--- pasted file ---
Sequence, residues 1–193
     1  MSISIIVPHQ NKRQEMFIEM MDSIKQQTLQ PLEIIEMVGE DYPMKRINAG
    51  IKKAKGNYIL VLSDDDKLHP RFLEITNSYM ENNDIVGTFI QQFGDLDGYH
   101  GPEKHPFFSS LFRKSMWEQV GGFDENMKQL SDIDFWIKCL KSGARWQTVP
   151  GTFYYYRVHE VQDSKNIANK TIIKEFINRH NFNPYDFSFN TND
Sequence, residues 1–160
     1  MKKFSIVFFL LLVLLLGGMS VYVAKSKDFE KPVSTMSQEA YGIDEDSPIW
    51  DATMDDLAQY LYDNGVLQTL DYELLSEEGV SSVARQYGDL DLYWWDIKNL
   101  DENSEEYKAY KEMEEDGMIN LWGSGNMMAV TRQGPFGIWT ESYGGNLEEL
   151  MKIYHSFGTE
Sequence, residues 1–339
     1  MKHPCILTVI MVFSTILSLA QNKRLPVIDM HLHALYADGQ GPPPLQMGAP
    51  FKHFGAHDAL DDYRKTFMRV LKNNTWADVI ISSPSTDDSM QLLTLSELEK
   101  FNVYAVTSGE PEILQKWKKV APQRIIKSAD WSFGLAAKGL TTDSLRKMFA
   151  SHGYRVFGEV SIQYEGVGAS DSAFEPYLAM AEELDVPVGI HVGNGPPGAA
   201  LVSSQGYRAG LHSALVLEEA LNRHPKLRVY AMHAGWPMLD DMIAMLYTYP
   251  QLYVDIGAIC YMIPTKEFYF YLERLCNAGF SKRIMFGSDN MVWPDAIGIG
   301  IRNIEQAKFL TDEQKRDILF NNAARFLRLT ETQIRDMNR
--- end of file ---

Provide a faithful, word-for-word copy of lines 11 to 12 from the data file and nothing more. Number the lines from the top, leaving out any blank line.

Sequence, residues 1–339
     1  MKHPCILTVI MVFSTILSLA QNKRLPVIDM HLHALYADGQ GPPPLQMGAP